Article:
by JUDY GHANEM || During this season of rebirth, I was disheartened to wake up to an article written by the chief of SLED, Mark Keel, opposing Senate bill 150, which is now on the waiting list on the Senate floor in Columbia. I respect Chief Keel and everything he has done to protect our communities but am dismayed that he is misrepresenting this compassionate medical marijuana bill. A tightly regulated medical marijuana program should be lowest on his long list of law enforcement priorities.
I have been working with patients, caregivers, veterans, medical professionals and national organizations to support medical marijuana for the past several years. As a mother whose daughter is challenged with complex medical conditions, I began the journey simply as part of an attempt to keep my daughter alive and functioning to the best of her ability. Patients in South Carolina from all walks of life with the debilitating conditions listed in this bill should have the option of medical cannabis under a physician’s care, as is the case in 36 other states.
Congress’ decision to classify marijuana as a Schedule I drug has made FDA approval virtually impossible. The Schedule I classification is supposed to be reserved for substances with no medical value. Yet marijuana’s therapeutic value has been confirmed repeatedly and was acknowledged in the National Academy of Science report. This report stated that conclusive, substantial, or moderate evidence existed that cannabis or cannabinoids effectively treat several conditions. It is interesting how the same leaders say we need to defer to a federal agency, the FDA, on medical cannabis – yet they tout the state’s rights on other issues.
Until the federal classification is changed, it isn’t feasible to run the type of large-scale studies and trials necessary for the medicine to be prescribed.
South Carolina is very fortunate to have two leading scientists who have been working on cannabinoid research for many years, funded with federal grants from the NIH. Dr. Prakash Nagarkatti, vice president of research at the University of South Carolina, and Dr. Stephen Cutler, Dean of Pharmacy, spoke recently on their research and their support for S. 150. As Surfside Beach, S.C. pharmacist Daniel Bundrick recently stated, cannabis “NEVER should have been classified as a Schedule I.”
“It was political back then and not backed by science,” Bundrick said. “It is time to move forward. Physicians and pharmacists both need a real solution with almost no side effects compared to prescription options we have today. Also, this will be another tool to fight the opioid crisis, which is what the real danger is, and these addictive drugs are legal as a Class 2 Rx.”
In states with medical cannabis, surveys have shown it functions as an exit drug for many. In Minnesota, for example, more than 60 percent of intractable pain patients who had been using opioids were able to reduce or eliminate their use of these far-more-dangerous drugs after enrolling in the state’s medical cannabis program.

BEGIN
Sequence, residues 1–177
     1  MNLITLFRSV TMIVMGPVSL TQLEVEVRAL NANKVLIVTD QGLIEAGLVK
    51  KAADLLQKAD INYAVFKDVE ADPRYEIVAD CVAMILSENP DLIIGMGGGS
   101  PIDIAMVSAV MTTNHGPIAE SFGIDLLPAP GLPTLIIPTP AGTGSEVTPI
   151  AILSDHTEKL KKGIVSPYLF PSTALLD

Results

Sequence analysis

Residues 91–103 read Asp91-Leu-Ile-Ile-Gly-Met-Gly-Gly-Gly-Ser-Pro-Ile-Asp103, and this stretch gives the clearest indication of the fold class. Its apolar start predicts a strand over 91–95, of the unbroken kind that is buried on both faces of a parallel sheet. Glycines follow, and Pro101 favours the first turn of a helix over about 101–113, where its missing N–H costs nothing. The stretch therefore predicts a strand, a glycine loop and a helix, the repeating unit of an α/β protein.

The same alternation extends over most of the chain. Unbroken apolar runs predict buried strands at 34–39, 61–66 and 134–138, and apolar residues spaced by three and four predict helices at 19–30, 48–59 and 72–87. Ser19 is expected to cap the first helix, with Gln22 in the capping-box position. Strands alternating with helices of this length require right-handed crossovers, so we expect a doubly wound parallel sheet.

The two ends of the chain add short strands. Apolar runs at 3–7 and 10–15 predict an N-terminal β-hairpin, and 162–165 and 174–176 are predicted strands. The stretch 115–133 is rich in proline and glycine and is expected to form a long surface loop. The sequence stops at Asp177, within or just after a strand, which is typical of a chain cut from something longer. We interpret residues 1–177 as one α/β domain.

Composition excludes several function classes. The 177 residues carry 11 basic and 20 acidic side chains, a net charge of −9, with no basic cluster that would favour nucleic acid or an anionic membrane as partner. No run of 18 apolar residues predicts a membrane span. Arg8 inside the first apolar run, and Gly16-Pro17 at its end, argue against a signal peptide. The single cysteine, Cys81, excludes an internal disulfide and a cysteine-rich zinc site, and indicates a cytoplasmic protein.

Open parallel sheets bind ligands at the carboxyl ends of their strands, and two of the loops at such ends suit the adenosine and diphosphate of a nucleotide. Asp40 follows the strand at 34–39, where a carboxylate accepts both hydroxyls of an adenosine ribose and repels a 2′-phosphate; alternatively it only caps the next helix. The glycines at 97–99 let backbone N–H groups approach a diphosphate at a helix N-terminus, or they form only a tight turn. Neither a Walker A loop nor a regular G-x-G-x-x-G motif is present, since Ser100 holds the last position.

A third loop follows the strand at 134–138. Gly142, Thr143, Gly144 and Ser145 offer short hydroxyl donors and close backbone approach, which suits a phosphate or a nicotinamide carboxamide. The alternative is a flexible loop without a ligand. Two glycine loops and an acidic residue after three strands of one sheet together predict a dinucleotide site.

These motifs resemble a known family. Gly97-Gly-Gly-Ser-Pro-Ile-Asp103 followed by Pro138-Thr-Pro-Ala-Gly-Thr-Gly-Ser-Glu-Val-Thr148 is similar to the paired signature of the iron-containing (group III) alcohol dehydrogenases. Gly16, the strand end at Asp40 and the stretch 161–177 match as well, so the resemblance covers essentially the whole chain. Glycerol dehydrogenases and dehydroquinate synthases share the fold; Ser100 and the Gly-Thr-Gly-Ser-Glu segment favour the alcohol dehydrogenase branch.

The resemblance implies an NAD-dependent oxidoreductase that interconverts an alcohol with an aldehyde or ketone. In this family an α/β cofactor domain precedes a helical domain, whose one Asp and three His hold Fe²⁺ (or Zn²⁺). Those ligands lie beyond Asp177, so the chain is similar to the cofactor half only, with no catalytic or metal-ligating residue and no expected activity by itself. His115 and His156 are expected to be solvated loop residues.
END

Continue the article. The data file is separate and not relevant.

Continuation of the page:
Chief Keel suggests this bill would hurt our youth. But his logic has a disconnect. There is no correlation between a tightly regulated medical marijuana program such as outlined in S. 150 and adolescents’ use of marijuana. This study showed that states with medical cannabis programs have a lower amount of marijuana use by youths.
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Keel’s portrayal of medical cannabis establishments is also at odds with the carefully crafted language of S. 150, and with the reality in states that have conservative medical cannabis laws. The S.C. Compassionate Care Act would require cannabis businesses have discreet, medical appearance – and would ban any products and labels appealing to minors. Certifying physicians and medical professionals working at dispensaries would be required to take continuing medical education courses on medical cannabis, and to advise patients on dosing, possible risks, and modes of administration.
The Epilepsy Foundation, the National Multiple Sclerosis Society and the South Carolina Podiatric Medical Association all support this bill. More than 70 percent of South Carolina voters believe medical cannabis should be allowed. While states including Arkansas, Louisiana, and Utah have allowed this medical treatment option, South Carolina remains one of only 14 states that prohibits the medical use of cannabis.
Senate bill 150 is a narrowly crafted, conservative bill. It does not allow smoking or raw cannabis – and it is limited to severe, debilitating medical conditions. Suffering patients should not risk the indignity and trauma of arrest. This bill would finally allow patients to access lab-tested cannabis safely. It would also give veterans and others with severe injuries and illnesses a less dangerous alternative to opiates. Please contact your state senator today and ask them to vote “Yes” on Senate Bill 150. After six long years, we hope you agree the S.C. Compassionate Care Act deserves a vote on the floor. Now is South Carolina’s time to embrace positive change and to stand up for its vulnerable, not to live in fear.
Judy Ghanem is a mother from Murrells Inlet, S.C. Her daughter, Kira, suffers from a rare genetic disorder – one that Tetrahydrocannabinol (THC)-based medication has proven effective at treating.
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